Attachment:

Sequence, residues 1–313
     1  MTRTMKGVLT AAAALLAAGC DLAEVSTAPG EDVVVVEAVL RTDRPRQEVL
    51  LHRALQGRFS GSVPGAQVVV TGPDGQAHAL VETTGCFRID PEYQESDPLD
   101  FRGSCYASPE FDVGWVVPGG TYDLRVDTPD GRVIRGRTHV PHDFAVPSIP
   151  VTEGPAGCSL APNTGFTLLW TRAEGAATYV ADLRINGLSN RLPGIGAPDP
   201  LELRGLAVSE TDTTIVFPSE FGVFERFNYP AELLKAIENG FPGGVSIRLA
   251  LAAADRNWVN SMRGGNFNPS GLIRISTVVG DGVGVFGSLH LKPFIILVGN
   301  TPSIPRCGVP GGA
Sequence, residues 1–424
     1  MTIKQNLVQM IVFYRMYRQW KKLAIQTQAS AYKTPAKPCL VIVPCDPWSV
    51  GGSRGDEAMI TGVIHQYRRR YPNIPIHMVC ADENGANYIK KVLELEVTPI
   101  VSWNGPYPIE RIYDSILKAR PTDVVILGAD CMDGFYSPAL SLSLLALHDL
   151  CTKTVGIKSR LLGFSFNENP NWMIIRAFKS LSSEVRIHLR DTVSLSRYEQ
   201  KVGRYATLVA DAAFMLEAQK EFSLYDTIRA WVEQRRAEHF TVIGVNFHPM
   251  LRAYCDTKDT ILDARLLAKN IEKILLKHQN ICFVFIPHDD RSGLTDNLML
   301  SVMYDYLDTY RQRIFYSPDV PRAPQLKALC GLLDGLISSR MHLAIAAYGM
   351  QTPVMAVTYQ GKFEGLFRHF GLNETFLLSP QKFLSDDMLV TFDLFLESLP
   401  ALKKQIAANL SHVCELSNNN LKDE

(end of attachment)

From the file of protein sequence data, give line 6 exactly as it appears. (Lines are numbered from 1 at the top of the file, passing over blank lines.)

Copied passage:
   201  LELRGLAVSE TDTTIVFPSE FGVFERFNYP AELLKAIENG FPGGVSIRLA